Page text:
Many law firms do not understand how to make reasonable adjustments for disabled staff and solicitors are hiding their disabilities at work, a damning study by the Solicitors Regulation Authority has concluded.

The SRA found ‘startling’ levels of confusion around workplace adjustments and said firms are not collecting relevant disability data. 'One of our most startling findings was around the uncertainty about providing workplace adjustments. How should these be approached? Did they need to be reviewed? What happens when adjustments change?' it said. 

The study also identifies 'uneasiness for some people about requesting adjustments and discussing them'. 

The survey of 3,000 firms found that solicitors fear disclosing disabilities because of the impact this could have on their careers. Today, 3% of solicitors declare they have a disability, a figure virtually unchanged in the past 10 years. This compares with 13% of the UK workforce as a whole.

‘This suggests many disabled solicitors are not declaring their disability, so are potentially missing out on support and adjustments which could and should be available to them,’ the SRA said.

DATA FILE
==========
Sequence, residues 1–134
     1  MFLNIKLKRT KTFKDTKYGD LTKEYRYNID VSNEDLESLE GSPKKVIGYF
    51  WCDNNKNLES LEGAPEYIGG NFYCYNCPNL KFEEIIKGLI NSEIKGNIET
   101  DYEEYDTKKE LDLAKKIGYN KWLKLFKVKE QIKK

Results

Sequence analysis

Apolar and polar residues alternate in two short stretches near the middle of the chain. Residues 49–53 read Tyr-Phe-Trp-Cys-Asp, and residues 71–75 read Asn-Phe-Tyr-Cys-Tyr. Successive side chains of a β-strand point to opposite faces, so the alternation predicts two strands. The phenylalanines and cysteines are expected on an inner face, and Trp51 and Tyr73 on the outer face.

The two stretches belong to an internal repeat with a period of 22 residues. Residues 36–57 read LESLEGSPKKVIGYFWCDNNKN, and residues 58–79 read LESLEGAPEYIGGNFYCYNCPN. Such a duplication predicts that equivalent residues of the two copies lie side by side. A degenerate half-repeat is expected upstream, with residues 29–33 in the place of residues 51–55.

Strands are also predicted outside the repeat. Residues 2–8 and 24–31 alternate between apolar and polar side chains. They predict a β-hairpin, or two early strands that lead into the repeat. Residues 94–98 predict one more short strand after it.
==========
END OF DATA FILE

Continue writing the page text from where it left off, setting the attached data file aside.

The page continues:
The report suggested that firms collect and monitor disability data throughout the recruitment pipeline, and stressed the importance of managers ‘walking the walk’ by operating flexibly. It added that management should have a ‘flexible, open-minded approach to managing employees and working. This can be as simple as flexible start and finish times with the aim of ‘removing stigma attached to staff leaving work early or starting later or working from a different location’.

On recruitment, the SRA said psychometric tests should be reviewed to ensure they are disability-inclusive and firms should work with recruitment agencies to insist that a diverse range of candidates is put forward.

Law Society president Simon Davis said: ‘The SRA report shows many disabled lawyers are reluctant to mention their disability to their employer – and are missing out on adjustments which may be available.' He noted that 16% of respondents to the Law Society's anonymous 2019 survey of PC holders reported having an illness or disability impacting their day to day life. 'Everyone should feel comfortable bringing their full self to work and supported in asking for any reasonable adjustments.'

The Law Society is working to produce professional guidance on how best to support disabled people and create more inclusive work environments, Davis said.